|Pinus contorta subsp. contorta in Anacortes Community Forest Lands, Washington|
Pinus contorta subsp. contorta
Pinus contorta subsp. latifolia
Pinus contorta subsp. murrayana
Pinus contorta, with the common names lodgepole pine and shore pine, and also known as twisted pine, and contorta pine, is a common tree in western North America. It is common near the ocean shore and in dry montane forests to the subalpine, but is rare in lowland rain forests. Like all pines (member species of the genus Pinus), it is an evergreen conifer.
- Pinus contorta subsp. bolanderi: Bolander's beach pine, Bolander pine; endemic to NW California Coast (e.g. Mendocino County); Near Threatened by fires and development
- Pinus contorta subsp. contorta: Shore pine; Pacific Coast, southern Alaska to northern California.
- Pinus contorta subsp. murrayana: Tamarack pine, or Sierra lodgepole pine; Cascade Range from Washington into Northern California; the Sierra Nevada, the Transverse Ranges of Southern California (including the San Bernardino Mountains, the Peninsular Ranges into northern Baja California, and the Spring Mountains of southern Nevada).
- Pinus contorta subsp. latifolia: Lodgepole pine; Rocky Mountains, Colorado to Yukon and Saskatchewan; Aspen parkland and boreal forests.
Depending on subspecies, Pinus contorta grows as an evergreen shrub or tree. The shrub form is krummholz and is approximately 1 to 3 m (3.3 to 9.8 ft) high. The thin and narrow-crowned tree is 40 to 50 m (130 to 160 ft) high and can achieve up to 2 m (6.6 ft) in diameter at chest height. The murrayana subspecies is the tallest. The crown is rounded and the top of the tree is flattened. In dense forests, the tree has a slim, conical crown. The formation of twin trees is common in some populations in British Columbia. The elastic branches stand upright or overhang and are difficult to break. The branches are covered with short shoots that are easy to remove.
The species name is contorta because of the twisted, bent pines found at coastal areas and the tree's twisted needles. Pinus contorta is occasionally known under several English names: black pine, scrub pine, and coast pine. P. contorta subsp. latifolia will hybridise with the closely related Jack pine (Pinus banksiana).
Needles and buds
The egg-shaped growth buds are reddish-brown and between 20 and 30 mm (0.79 and 1.18 in) long. They are short pointed, slightly rotated, and very resinous. Spring growth starts in beginning of April and the annual growth is completed by early July. The dark and mostly shiny needles are pointed and 4 to 8 cm (1.6 to 3.1 in) long and 0.9 to 2 mm (0.035 to 0.079 in) wide. The needle edge is weak to clearly serrated. The needles are in pairs on short shoots and rotated about the shoots' longitudinal axes. In Alberta above 2,000 m (6,600 ft), 1 to 5 needles occur per short shoot. A population with a high proportion of three-needled short shoots occurs in the Yukon. Needles live an average of four to six years, with a maximum of 13 years.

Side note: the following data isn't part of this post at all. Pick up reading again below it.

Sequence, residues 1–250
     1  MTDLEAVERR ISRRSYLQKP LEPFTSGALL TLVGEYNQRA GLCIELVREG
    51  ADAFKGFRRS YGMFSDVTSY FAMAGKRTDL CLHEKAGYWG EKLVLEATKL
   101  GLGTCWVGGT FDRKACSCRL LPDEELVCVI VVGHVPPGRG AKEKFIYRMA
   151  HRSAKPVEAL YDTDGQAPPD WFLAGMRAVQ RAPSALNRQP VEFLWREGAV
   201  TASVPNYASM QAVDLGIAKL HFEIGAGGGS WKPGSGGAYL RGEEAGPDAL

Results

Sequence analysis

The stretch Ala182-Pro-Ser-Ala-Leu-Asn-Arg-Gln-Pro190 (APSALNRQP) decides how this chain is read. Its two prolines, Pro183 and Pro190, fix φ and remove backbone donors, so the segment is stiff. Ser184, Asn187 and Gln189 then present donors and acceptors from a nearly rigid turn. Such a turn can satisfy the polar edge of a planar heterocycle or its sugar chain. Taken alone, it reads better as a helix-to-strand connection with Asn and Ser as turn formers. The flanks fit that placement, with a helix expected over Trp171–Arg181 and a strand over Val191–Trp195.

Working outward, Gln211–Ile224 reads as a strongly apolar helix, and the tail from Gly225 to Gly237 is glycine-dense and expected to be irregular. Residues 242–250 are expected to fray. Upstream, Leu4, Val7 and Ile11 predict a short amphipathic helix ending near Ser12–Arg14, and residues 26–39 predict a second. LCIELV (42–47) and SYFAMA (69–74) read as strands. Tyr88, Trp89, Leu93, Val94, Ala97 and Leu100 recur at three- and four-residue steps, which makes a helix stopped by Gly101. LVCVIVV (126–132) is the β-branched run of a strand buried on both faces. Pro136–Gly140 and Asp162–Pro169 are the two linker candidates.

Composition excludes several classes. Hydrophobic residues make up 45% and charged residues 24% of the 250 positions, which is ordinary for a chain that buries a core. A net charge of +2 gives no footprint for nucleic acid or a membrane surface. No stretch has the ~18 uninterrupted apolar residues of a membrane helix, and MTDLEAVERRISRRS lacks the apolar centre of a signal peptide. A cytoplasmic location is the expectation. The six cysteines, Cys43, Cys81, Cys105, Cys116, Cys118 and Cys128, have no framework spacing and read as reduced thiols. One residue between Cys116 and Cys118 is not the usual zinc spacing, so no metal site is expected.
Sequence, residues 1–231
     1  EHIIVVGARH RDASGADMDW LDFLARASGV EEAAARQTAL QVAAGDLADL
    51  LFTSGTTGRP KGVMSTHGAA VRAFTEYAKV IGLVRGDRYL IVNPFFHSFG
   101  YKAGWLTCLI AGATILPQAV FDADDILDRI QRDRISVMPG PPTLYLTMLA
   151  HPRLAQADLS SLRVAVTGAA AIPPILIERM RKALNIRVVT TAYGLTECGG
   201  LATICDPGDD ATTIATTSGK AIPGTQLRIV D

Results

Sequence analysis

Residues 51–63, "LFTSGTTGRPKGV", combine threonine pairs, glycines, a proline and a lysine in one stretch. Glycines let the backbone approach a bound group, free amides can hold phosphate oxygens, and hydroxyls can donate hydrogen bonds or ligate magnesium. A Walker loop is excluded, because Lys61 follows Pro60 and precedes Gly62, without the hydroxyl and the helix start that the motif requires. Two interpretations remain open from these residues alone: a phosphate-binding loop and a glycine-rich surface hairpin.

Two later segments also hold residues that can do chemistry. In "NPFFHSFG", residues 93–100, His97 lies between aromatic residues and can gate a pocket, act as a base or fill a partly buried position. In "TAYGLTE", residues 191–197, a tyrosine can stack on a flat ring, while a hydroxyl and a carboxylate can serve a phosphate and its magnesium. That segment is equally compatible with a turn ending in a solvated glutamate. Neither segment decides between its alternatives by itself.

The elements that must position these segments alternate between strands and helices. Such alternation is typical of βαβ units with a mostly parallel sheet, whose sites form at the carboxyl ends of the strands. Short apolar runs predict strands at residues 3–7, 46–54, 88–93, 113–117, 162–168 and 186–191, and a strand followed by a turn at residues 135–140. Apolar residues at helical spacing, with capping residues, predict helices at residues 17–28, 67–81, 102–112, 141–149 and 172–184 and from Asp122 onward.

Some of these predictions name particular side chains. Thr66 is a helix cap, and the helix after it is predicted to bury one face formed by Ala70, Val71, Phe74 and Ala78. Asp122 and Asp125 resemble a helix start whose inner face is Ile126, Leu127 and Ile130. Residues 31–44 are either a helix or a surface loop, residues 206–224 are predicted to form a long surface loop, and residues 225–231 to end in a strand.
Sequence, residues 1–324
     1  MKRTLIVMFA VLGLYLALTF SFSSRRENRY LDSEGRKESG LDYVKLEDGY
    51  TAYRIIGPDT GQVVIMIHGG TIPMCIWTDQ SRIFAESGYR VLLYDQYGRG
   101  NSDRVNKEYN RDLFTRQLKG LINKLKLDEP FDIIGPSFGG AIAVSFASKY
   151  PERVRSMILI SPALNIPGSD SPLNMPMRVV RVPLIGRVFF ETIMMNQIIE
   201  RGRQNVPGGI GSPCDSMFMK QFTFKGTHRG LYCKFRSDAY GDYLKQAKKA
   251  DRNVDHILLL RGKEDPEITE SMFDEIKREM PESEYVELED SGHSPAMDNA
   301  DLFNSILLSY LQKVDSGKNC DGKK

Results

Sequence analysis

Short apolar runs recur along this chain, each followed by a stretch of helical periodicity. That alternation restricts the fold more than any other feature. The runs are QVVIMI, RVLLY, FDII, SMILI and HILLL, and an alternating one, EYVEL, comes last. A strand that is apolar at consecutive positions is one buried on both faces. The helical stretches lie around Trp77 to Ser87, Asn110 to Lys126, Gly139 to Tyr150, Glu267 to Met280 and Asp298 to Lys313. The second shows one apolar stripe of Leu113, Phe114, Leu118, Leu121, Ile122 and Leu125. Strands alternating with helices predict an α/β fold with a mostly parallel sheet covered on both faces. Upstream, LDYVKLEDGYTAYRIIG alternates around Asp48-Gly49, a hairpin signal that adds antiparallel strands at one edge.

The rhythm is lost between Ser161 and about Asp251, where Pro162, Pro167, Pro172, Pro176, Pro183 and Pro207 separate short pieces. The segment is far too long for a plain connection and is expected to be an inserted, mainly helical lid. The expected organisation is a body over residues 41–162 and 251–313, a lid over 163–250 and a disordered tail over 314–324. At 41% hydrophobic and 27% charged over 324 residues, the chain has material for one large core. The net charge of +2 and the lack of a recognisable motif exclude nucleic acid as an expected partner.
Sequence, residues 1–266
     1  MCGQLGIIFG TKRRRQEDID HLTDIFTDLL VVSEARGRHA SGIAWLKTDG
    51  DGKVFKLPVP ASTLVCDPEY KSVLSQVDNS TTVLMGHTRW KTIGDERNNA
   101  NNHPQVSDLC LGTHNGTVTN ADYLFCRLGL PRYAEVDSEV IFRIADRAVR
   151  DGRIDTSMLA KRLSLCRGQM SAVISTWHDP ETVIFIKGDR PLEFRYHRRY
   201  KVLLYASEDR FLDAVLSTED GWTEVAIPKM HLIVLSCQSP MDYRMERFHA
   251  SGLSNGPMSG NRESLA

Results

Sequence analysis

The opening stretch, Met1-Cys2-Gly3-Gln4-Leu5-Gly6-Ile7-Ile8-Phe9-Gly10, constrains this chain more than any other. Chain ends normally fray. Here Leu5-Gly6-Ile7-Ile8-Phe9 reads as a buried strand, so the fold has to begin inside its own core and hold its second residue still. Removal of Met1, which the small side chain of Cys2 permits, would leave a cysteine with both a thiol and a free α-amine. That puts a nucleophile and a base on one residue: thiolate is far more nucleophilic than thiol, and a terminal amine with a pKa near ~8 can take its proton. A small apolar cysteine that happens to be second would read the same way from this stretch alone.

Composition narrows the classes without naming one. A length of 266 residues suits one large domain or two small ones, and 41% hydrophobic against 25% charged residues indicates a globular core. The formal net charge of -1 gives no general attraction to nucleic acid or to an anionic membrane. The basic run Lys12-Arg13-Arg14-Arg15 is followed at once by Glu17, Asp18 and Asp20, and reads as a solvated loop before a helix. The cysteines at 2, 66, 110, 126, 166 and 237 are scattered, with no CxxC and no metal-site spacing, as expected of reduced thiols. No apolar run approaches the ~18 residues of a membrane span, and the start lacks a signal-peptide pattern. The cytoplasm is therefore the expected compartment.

The 3–7 cm cones often need exposure to high temperatures (such as from forest fires) in order to open and release their seeds, though in subsp. murrayana they open as soon as they are mature. The variation in their serotiny has been correlated with wildfires and mountain pine beetle attacks. The cones have prickles on the scales.
Pinus contorta is a fire-dependent species, requiring wildfires to maintain healthy populations of diverse ages. The bark of the lodgepole pine is fairly thin, minimizing the tree's defense to fire; however, the heat of these closed-cone pine forest rejuvenating fires open the cones to release the seeds. This allows the species to regenerate and maintain its place in the forest habitat.
Excessive wildfire prevention disrupts the fire ecology. The stands are usually so densely populated that the trees self-thin, or out-compete each other, leaving dead trees standing. These become a dry ladder fuel that can accelerate the fire to the crown of living trees. When the fire reaches the crowns of the trees, it can jump from tree to tree and becomes relatively unstoppable.